The post-heat treatment of direct metal laser sintered parts is expected to have superior mechanical properties. Therefore, the purpose of the present study is to investigate the post-heat treatment effect on the microstructure, mechanical and wear properties of direct metal laser sintering processed maraging steel. Hence, a systematic methodology for microstructural characterization, mechanical properties, and tribological performance evaluation was performed. The microstructural examinations were performed using optical and scanning electron microscopy, energy-dispersive X-ray spectroscopy, and X-ray diffraction technique. The micro-hardness and tensile properties were determined. The unidirectional sliding wear test was performed using a pin on disc wear testing machine for three different sliding velocities (0.8, 1.2, and 1.6 m/s) and three different normal loads (5, 10, and 15 N). The present study’s findings establish that the post-heat treatment techniques significantly altered the microstructural morphology and features. The results showed that the heat-treated sample had finer and non-continuous microstructure and more complex intermetallic precipitate phases, leading to higher hardness (∼64%) and higher tensile strength properties (70–80%) compared to the as-printed sample. The unidirectional sliding wear test results showed that the sliding velocity significantly affected frictional and wear characteristics of direct metal laser sintering processed maraging steel. The wear resistance of the heat-treated sample was three times higher than the as-printed sample, particularly at higher sliding velocities. In addition, the lower coefficient of friction values (∼24%) was observed for heat-treated sample compared to as-printed sample at higher sliding velocities. The post-heat treatment aids as an effective method to enhance mechanical properties of direct metal laser sintered parts and qualify them for tribological applications. The results endorse the suitability of the heat-treated direct metal laser sintered maraging steel in practical tool and die applications involving extreme tribological operating conditions such as higher sliding velocities and contact stresses.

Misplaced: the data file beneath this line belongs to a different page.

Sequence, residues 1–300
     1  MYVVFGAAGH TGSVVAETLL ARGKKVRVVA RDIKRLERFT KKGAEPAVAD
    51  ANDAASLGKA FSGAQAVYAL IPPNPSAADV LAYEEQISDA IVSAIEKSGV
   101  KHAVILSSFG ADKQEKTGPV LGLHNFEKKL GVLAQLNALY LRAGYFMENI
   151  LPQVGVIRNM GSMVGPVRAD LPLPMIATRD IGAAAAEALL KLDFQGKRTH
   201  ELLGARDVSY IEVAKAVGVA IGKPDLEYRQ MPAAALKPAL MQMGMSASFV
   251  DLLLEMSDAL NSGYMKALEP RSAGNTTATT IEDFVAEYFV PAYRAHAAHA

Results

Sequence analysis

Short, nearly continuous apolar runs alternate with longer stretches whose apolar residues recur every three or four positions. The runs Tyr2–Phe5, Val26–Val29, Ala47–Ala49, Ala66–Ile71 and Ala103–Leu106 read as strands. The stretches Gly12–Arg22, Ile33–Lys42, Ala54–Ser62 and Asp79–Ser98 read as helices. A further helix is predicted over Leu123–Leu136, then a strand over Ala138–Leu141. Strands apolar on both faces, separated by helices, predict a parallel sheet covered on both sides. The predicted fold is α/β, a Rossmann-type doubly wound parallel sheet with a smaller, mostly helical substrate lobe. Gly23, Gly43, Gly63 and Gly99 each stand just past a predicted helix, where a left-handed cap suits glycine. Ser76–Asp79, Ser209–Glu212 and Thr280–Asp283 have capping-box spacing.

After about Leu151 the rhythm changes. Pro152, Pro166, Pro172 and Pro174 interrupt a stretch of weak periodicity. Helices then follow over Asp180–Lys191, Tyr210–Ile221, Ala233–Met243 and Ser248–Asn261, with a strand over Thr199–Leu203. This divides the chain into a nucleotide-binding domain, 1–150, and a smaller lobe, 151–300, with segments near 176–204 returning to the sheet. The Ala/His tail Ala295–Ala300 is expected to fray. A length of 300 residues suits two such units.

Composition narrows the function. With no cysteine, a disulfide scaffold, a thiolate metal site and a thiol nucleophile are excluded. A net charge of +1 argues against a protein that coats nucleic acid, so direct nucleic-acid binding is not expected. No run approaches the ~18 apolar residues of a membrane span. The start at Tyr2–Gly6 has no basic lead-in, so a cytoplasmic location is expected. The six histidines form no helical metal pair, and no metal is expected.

|Journal||Proceedings of the Institution of Mechanical Engineers, Part L: Journal of Materials: Design and Applications|
|Publication status||Accepted/In press - 2021|
All Science Journal Classification (ASJC) codes
- Materials Science(all)
- Mechanical Engineering